To show support for Ukraine ahead of the second anniversary of Russia’s full-scale invasion, EU Member States have unanimously taken the first step by agreeing to set aside ‘windfall profits’ generated from RCB assets immobilised in Europe. Future proceeds (estimated at more than EUR 4 billion per year) will be booked separately and won’t be paid out as dividends to shareholders until Member States unanimously decide to set up a financial contribution to the EU budget that would be raised on these net profits to support Ukraine.

Such a levy, the European Commission believes, should be consistent with applicable contractual obligations and in accordance with EU and international law. The Commission would transfer the money to the EU budget and then to Ukraine.

Two other ideas

To prevent a populist backlash in elections on both sides of the Atlantic it’s important to find sources of funding that would require as little as possible from taxpayers.

Belgium (which holds the bulk of the money and, according to pollsters, will see two Flemish nationalist parties come out on top in its general election in June) has proposed to the G7 countries to use immobilised RCB assets as collateral to raise debt for Ukraine’s reconstruction. This would involve borrowing against Russia’s obligation to pay reparations, coupled with a commitment to keep RCB assets frozen until the obligation is discharged. If not discharged by the maturity of the bonds, then RCB assets would be seized.

Even with the ‘erga omnes’ obligation invoked above, the proposal to collateralise RCB assets runs into legal and economic problems. If Ukraine transferred its right to claim reparations from Russia to G7 members, then those allies would issue bonds backed by their own rather than Ukraine’s claims against Russia. Disregarding the time needed to issue these bonds (in particular by the EU) and raise the necessary capital, would Russia’s default on a payment assigned by Ukraine to, for instance, Belgium (on this issue de facto the eighth ‘G7’ member) be an internationally wrongful act against which Belgium could take countermeasures as a directly injured state? This is unlikely in view of the (scarce) jurisprudence. What’s more, in practical economic terms, the G7’s dithering in the confiscation debate is already undermining the credibility of the threat to seize assets, needed to persuade investors than their loan will eventually be repaid.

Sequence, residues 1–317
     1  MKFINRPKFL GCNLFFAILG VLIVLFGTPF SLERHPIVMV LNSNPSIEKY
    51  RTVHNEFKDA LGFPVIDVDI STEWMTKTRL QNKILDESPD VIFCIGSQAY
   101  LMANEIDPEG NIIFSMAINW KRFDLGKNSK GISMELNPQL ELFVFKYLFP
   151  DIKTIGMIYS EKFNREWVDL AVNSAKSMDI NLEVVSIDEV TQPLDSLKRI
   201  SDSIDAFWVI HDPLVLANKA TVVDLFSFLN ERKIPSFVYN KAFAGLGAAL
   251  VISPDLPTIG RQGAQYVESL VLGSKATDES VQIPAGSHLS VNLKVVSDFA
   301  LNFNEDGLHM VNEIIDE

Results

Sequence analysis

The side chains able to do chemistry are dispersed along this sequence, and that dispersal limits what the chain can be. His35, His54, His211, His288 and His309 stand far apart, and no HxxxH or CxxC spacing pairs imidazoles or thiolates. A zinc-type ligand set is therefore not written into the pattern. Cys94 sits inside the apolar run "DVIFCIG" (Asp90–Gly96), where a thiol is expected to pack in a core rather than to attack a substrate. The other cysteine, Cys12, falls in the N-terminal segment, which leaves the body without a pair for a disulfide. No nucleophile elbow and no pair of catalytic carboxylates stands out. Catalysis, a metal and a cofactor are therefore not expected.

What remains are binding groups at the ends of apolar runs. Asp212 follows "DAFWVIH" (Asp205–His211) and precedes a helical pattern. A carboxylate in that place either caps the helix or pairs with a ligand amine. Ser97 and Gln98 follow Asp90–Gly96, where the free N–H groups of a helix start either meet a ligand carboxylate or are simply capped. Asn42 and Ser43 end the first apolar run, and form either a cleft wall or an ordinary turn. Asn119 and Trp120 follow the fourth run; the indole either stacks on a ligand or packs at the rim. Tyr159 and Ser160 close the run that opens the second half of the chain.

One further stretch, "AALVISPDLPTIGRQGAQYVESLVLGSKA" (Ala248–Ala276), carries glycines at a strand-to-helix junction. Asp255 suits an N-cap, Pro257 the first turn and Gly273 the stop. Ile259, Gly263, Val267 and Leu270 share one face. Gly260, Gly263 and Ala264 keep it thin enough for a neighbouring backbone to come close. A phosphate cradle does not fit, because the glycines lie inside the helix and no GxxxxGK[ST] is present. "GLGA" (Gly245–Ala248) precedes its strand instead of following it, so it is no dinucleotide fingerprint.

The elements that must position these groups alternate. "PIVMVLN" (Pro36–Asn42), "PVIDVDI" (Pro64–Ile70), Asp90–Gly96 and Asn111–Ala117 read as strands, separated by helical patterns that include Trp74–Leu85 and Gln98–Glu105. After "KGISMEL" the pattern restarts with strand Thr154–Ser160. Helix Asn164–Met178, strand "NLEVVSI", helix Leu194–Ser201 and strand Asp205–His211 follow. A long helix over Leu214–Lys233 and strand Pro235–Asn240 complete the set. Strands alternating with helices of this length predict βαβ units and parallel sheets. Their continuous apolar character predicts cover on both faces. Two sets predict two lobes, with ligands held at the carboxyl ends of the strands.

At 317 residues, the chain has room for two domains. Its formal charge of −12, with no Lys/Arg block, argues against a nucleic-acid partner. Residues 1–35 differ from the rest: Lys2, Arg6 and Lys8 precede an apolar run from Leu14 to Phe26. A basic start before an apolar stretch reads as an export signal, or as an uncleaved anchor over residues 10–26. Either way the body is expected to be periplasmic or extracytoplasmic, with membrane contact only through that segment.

A much more straightforward alternative to raise funds for Ukraine would be for G7 members to make Western companies that continue to do business in Russia, despite sanctions, pay for the privilege. While some of the world’s largest companies have completely pulled out of Russia, most EU and G7 firms have maintained a foothold in Russia to ‘honour’ existing contracts. Taxing them would make them pay for their contribution to Russia’s war effort against Ukraine.

It’s time for the EU and the rest of the G7 to quit dithering. To echo Robert Zoellick, former President of the World Bank – if one approves of sending weapons to fight the Russian aggressor, then it seems odd to shrink from using the obvious economic tools to help Ukraine resist, recover and reconstruct.

About the author

Steven Blockmans is a Senior Research Fellow, and previously Director of Research, at CEPS. He is also Senior Fellow at ICDS (Tallinn), Visiting Professor at the College of Europe (Bruges and Natolin), and Editor-in-Chief of the European Foreign Affairs Review. He is a frequent commentator on EU affairs at major media outlets and regularly briefs senior policy practitioners from the European Union, its member states and G20 country governments.